Bremen 1900 – 1990 Stuttgart
„Tischlampe aus Glas“ - model: MT 9 (preliminary work by Carl Jacob Jucker). 1923/24 / execution 1924
Crystal glass, glass tube with melted in blue thread; brass, steel, nickel-plated; porcelain; original wiring – manufacturer: Metallwerkstatt des Staatlichen Bauhauses Weimar. 37,5 cm; Ø 17 cm. (14 ¾ in.; Ø 6 ¾ in.) Etched in on glass tube: Felsenglas. 
ProvenancePrivate Collection, Hanover (until the early 1990s) / art dealership, Hanover / Stefan Züchner, Hanover (until 1996) / Galerie Ulrich Fiedler, Cologne (from 1996) / Alexander von Vegesack (2004) / Galerie Ulrich Fiedler, Cologne (until 2006) / Private Collection, northern Germany
EUR 100.000 – 150.000
USD 112,000 – 169,000
A second (or identical) copy of the Wagenfeld-Tischlampe is depicted on interior photographs by Ferdinand Kramer from the 1920s (and catalogue of Warenhaus Oberzenner Frankfurt am Main: Siedlungsmöbel … nach Entwürfen von Dipl.-Ing. F. Kramer, 1925 and Kramer’s catalogue Typenmöbel für Hausrat GmbH, 1925).
We would like to thank Magdalena Droste, Berlin, for kindly providing additional information.
ExhibitionKunst, Technik und Design - das bauhaus. Exhibition to mark the 28th Kunst- und Antiquitäten-Messe Hannover-Herrenhausen. Hanover, 1996
Literature and IllustrationMagdalena Droste: Die Bauhaus-Leuchte von Carl Jacob Jucker und Wilhelm Wagenfeld. Frankfurt am Main, 1997, ill. p. 18 and p. 25 (described as being part of the Bauhaus-Archiv Berlin) / auction: Masterworks from the Collection of Alexander von Vegesack. New York, Phillips de Pury & Company, 8.12.2005, cat. no. 70
By 1928, the Werkbund protagonist art critic, Wilhelm Lotz, referred to it simply as the “Bauhaus Lamp”. In fact, Wagenfeld’s 1923/1924 design symbolizes the ambitions and ideals of the Bauhaus, the Mecca of modern design in the 20th century, in such a striking way that few other objects can. "A round plate, a cylindrical tube, and a spherical shade are its most important parts," is how Wagenfeld himself described the lamp briefly and aptly to his contemporaries. In addition to its formal language – which is still reminiscent to some extent of old kerosene lamps – the materials glass, iron, and nickel-plated brass in combination with electric light keep the lamp within the spirit of modernity. Wagenfeld was inspired to design the lamp by the master of form in the metal workshop, László Moholy-Nagy from Hungary. The Bauhaus management saw a lot of potential in the luminaire from the very beginning, which explains why the first version with a base and shaft in metal was immediately followed by a corresponding variant in glass. Wagenfeld made some use of studies by the Swiss Bauhaus student Carl Jacob Jucker, who had since left school. Jucker had already considered the design of a table lamp made of glass beforehand, although without convincing results. It was Wagenfeld's design, with the proportions chosen by him, and the use of the glass shade and the technical solutions provided by the original construction, that finally gave the luminaire its final appearance.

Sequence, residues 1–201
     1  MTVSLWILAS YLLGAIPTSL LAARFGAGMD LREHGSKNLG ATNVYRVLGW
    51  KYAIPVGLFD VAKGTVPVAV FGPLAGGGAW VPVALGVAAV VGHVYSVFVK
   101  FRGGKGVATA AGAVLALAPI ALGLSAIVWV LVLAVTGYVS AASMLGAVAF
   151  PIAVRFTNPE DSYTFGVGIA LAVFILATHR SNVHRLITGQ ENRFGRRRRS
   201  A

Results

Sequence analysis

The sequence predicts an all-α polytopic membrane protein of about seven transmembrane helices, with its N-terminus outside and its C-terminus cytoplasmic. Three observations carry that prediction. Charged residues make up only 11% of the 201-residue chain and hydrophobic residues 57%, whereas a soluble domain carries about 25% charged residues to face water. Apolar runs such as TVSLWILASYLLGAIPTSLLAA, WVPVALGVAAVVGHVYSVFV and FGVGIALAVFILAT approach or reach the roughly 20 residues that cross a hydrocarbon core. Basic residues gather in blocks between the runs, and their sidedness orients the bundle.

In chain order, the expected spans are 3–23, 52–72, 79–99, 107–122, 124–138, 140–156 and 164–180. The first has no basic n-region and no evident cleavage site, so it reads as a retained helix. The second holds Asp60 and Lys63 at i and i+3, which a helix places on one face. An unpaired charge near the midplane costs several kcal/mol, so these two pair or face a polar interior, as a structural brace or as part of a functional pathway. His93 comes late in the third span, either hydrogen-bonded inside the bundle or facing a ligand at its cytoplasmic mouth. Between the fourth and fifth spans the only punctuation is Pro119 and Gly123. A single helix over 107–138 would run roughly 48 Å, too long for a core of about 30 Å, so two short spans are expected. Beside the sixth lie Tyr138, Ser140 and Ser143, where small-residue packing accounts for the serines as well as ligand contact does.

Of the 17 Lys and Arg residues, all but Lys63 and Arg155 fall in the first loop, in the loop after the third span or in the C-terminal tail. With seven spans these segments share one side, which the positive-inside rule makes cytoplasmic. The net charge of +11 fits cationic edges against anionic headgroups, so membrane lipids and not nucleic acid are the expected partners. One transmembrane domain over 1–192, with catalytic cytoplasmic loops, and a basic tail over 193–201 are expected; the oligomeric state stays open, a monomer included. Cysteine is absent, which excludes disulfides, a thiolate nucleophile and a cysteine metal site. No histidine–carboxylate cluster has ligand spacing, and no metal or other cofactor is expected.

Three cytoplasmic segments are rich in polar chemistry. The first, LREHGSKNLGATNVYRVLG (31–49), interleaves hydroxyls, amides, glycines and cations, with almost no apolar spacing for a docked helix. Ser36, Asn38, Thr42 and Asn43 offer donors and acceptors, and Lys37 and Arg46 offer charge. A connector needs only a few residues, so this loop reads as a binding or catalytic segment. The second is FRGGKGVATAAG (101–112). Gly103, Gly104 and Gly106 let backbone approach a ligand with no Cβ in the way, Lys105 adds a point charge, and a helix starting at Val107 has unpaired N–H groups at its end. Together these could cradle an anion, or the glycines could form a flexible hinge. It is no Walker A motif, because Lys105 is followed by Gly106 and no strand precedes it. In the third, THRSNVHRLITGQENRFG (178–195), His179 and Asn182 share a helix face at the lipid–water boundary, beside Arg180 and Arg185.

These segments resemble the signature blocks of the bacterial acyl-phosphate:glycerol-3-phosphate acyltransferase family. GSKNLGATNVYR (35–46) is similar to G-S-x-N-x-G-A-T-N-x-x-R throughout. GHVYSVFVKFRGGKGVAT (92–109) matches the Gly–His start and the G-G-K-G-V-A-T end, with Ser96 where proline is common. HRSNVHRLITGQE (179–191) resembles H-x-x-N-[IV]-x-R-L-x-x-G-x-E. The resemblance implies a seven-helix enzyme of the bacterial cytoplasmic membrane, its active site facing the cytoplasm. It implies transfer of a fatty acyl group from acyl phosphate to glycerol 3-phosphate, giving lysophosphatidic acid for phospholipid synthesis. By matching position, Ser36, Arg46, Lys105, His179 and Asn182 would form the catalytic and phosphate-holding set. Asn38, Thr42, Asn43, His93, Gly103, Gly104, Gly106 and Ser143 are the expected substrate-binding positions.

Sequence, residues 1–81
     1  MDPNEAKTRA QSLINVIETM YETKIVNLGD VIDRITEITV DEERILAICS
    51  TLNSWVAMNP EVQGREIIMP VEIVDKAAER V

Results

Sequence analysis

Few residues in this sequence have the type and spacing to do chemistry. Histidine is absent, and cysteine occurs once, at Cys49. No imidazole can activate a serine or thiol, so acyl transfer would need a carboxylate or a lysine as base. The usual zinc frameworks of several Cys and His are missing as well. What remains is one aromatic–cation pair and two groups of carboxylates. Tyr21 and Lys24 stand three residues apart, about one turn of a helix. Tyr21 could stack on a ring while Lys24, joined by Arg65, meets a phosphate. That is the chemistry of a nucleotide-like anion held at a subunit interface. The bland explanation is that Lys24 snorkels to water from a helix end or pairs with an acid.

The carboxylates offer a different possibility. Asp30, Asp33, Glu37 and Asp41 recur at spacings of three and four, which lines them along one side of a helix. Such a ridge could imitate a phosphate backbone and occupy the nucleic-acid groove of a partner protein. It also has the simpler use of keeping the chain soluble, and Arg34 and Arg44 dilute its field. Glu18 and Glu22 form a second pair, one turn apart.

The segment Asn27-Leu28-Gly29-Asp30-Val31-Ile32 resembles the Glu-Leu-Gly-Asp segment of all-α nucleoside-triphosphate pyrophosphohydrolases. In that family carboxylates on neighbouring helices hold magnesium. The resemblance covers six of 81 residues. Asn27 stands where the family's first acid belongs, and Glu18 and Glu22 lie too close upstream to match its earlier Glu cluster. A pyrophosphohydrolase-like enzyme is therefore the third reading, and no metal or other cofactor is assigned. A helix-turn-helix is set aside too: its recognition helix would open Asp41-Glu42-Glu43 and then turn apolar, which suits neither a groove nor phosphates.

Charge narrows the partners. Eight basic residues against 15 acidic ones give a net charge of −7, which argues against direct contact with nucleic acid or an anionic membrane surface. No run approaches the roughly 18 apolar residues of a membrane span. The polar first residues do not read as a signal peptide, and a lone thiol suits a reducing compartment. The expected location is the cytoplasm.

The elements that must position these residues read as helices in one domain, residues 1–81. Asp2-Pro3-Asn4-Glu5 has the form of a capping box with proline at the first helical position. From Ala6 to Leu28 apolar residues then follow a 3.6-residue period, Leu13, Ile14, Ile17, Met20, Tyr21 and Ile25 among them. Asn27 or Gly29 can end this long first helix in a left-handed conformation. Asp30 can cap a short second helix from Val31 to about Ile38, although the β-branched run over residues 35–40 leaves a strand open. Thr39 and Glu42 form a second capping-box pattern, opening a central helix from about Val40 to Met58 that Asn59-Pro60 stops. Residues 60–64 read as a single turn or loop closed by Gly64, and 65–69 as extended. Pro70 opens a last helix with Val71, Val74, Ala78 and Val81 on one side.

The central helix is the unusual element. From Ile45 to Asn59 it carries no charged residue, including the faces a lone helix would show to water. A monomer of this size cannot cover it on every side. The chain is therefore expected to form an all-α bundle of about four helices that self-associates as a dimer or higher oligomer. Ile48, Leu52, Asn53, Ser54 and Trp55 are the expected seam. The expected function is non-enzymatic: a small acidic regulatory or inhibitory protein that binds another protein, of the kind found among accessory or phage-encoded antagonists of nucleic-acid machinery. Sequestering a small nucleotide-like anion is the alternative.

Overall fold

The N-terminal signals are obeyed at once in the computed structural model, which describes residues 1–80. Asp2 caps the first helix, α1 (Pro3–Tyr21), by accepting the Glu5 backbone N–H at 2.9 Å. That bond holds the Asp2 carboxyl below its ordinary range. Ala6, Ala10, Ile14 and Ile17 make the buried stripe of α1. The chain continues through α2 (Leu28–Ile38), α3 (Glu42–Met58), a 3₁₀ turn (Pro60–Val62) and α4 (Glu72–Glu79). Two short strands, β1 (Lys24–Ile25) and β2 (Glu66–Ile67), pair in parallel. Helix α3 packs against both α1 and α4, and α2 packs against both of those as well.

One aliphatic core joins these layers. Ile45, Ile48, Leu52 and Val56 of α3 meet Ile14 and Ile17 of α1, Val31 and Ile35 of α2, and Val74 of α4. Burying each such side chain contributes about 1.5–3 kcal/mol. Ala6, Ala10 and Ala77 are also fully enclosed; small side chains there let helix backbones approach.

The lamp did not have problems gaining attention, despite the Bauhaus' aim of mass distribution failing to materialise, the lamp’s static shade, which is not glare-free and rather unsuitable as a desk lamp and the fact that it was only produced in small editions until around 1933. On the contrary: the great modernist architects such as Bruno Taut, Adolf Loos, Ludwig Mies van der Rohe, Walter Gropius and Ferdinand Kramer all used them for their designs. Today, the "Bauhaus lamp", produced in re-edition since 1980, has become synonymous with good taste. However, the originals from the time when the Bauhaus invented this classic design are becoming harder and harder to find.
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